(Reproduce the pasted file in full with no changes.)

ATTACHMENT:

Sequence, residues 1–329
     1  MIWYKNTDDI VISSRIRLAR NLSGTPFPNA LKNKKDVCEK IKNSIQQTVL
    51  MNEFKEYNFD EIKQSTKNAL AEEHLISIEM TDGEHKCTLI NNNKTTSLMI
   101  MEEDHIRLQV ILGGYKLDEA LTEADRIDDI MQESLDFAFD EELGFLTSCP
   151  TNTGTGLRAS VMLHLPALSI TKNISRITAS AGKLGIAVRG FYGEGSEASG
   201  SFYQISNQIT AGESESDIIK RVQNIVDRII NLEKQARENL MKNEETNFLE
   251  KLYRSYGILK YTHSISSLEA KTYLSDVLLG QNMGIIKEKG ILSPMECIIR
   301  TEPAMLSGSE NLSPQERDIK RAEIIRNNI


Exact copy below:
Sequence, residues 1–329
     1  MIWYKNTDDI VISSRIRLAR NLSGTPFPNA LKNKKDVCEK IKNSIQQTVL
    51  MNEFKEYNFD EIKQSTKNAL AEEHLISIEM TDGEHKCTLI NNNKTTSLMI
   101  MEEDHIRLQV ILGGYKLDEA LTEADRIDDI MQESLDFAFD EELGFLTSCP
   151  TNTGTGLRAS VMLHLPALSI TKNISRITAS AGKLGIAVRG FYGEGSEASG
   201  SFYQISNQIT AGESESDIIK RVQNIVDRII NLEKQARENL MKNEETNFLE
   251  KLYRSYGILK YTHSISSLEA KTYLSDVLLG QNMGIIKEKG ILSPMECIIR
   301  TEPAMLSGSE NLSPQERDIK RAEIIRNNI